The Cannabis Catch-Up: Getting Lobsters High Is a Thing Now, Apparently | Cannabis Catch-Up | Seven Days | Vermont's Independent Voice

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The Cannabis Catch-Up: Getting Lobsters High Is a Thing Now, Apparently


Published September 21, 2018 at 12:48 p.m.

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Google “getting animals high” and you’ll find all sorts of stuff.

Some people write about feeding animals cannabidiol-laced treats. More often than not, the results feature horror stories about pets that stumbled upon their owner's stash and consumed some. Others feature people who intentionally get an animal high and then take video of the poor creatures.

You get the idea.

But this week, a Maine restaurant took it to a whole new level. Charlotte Gill, owner of Charlotte’s Legendary Lobster Pound on Mount Desert Island, blew weed smoke into a box to see how Roscoe the crustacean would react, the Mount Desert Islander reports.

Guess what? Roscoe became totally chill. Gill took the rubber bands off his claws and he never again wielded them as weapons, the newspaper reports. Gill thinks sedating doomed lobsters in this way could make throwing them into boiling water less traumatic.

“The animal is already going to be killed,” the owner told the newspaper. “It is far more humane to make it a kinder passage.”

As for Roscoe? Gill released him back into the ocean “as a thank you for being the experimental crustacean.”


Here are some other cannabis stories we read this week:

September 15: Vermont defense attorneys are calling into question the methods used by “drug recognition experts,” law enforcement officers trained to detect whether a driver is under the influence of something besides alcohol. There are about 50 DREs in the state, and they could be in higher demand with the recent legalization of cannabis. [Jordan Cuddemi, Valley News]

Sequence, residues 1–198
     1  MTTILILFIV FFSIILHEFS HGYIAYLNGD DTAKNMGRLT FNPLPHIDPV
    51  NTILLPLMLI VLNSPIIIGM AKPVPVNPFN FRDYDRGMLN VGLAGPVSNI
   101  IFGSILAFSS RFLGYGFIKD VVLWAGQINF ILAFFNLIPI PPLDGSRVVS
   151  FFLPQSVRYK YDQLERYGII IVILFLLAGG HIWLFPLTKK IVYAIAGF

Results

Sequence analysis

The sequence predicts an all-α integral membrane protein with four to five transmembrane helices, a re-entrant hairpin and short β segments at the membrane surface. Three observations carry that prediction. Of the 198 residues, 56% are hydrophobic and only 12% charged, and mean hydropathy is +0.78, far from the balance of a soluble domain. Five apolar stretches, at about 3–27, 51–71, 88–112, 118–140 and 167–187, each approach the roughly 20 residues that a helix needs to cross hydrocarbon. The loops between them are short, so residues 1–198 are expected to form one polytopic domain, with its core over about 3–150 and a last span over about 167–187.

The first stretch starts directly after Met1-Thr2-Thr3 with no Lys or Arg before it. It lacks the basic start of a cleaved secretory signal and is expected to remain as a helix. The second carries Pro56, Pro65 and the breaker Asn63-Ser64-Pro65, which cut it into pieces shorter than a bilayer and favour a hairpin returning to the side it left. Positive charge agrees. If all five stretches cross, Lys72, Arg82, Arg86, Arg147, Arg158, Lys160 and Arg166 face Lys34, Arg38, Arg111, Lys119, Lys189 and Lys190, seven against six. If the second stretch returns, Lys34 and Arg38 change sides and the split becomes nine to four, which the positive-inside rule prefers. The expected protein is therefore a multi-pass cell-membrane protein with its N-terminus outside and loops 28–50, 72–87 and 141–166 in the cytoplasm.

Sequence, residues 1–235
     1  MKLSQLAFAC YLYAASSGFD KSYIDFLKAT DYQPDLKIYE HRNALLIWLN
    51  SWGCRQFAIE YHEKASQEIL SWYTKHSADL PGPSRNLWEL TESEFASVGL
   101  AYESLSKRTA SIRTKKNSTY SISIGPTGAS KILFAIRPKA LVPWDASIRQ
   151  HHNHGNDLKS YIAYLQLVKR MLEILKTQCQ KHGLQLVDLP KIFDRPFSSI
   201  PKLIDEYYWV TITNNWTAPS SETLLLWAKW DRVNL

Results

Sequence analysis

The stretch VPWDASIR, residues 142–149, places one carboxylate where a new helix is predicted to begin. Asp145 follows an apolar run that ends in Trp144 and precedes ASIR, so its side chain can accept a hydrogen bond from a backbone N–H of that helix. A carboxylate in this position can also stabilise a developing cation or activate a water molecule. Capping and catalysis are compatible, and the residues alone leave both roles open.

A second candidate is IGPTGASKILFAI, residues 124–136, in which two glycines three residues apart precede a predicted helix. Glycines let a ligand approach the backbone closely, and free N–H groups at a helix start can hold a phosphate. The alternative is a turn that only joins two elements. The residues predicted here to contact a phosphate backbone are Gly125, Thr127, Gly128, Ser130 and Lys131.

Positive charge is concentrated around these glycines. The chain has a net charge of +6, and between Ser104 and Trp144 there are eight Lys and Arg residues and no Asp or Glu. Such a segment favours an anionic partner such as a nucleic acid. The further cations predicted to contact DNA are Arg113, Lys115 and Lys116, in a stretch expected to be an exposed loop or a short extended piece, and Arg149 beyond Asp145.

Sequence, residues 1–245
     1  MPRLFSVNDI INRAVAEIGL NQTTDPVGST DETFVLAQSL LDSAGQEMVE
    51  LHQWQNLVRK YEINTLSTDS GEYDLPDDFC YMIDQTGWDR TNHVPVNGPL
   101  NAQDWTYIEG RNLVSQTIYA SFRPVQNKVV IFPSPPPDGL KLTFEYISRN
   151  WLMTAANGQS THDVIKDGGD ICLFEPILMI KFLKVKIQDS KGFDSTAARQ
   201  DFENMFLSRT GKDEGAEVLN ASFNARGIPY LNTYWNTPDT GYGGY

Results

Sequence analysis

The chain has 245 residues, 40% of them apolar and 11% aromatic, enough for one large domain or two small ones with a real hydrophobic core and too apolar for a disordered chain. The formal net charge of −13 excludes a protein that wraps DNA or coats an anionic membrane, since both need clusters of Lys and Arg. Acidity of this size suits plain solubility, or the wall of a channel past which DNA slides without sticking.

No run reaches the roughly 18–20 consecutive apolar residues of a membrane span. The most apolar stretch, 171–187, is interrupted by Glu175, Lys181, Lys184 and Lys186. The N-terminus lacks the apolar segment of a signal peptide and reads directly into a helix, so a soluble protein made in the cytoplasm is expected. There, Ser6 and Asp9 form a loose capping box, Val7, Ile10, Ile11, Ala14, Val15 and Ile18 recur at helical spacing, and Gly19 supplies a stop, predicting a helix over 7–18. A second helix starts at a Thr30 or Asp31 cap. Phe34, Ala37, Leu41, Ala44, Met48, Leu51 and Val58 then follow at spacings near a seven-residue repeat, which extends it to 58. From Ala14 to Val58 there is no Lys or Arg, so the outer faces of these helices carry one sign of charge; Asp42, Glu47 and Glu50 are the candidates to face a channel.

September 17: Montpelier cops caught a Berlin burglar breaking into the Vermont Patients Alliance medical cannabis dispensary. Matthew Demar, 39, allegedly tried to make off with some plants. It’s the third time someone has burgled that dispensary. [Ike Bendavid, WCAX]

September 17: Senior citizens at the Laguna Woods Village retirement community in Orange County, Calif., board a free shuttle that takes them to a medical cannabis dispensary. Now that’s a fun outing. [Stephanie O’Neill, NPR]

September 17: Georgia anti-drug cops busted a woman for selling weed-laced munchies at a church event. “The edibles included a mixture of various types of cereal treats, brownies, and puddings,” the Chatham-Savannah Counter Narcotics Team said in a press release.

September 18: Border patrol agents seized about 180 pounds of pot at two checkpoints in New York's Adirondack Park over the course of five days. That’s a lot of weed near our northern border. [Associated Press, WCAX]

September 19: Oregon officials worried about medical cannabis diversion are implementing rules to limit the amount of weed patients can buy per day. What sparked it? “Over 19 days in August, for instance, one medical marijuana cardholder bought nearly 13 pounds of cannabis.” [Noelle Crombie, the Oregonian]

September 20: A new survey shows that monthly cannabis use has skyrocketed among older Americans: “As of 2017, Americans ages 55 to 64 are now slightly more likely to smoke pot on a monthly basis than teens ages 12 to 17.” [Christopher Ingraham, Washington Post]

September 20: Really interesting story out of Canada. A resident of a condo complex in Ontario is deadly allergic to cannabis smoke. But medical marijuana users live in her building. The standoff poses a significant question: Whose rights take precedence? [Lisa Xing, CBC News]

September 20: More news out of Canada. A reddit user spotted and snapped a picture of a sign on the side of the road in Québec that features a crossed out weed leaf and the word "border" in English and French. Translation: Don't bring pot across the U.S./Canada border. Someone spotted the sign along Autoroute 55, which leads right into the Stanstead/Derby Line port of entry. [Alissa Heidman, Narcity]

September 21: The Commonwealth of the Northern Mariana Islands, a U.S. territory of 50,000 people in the middle of the Pacific Ocean, has legalized a regulated recreational cannabis system. “The territory is also the first U.S. jurisdiction to go from having cannabis totally illegal to allowing recreational use without first having a medical marijuana program.” [Tom Angell, Forbes]

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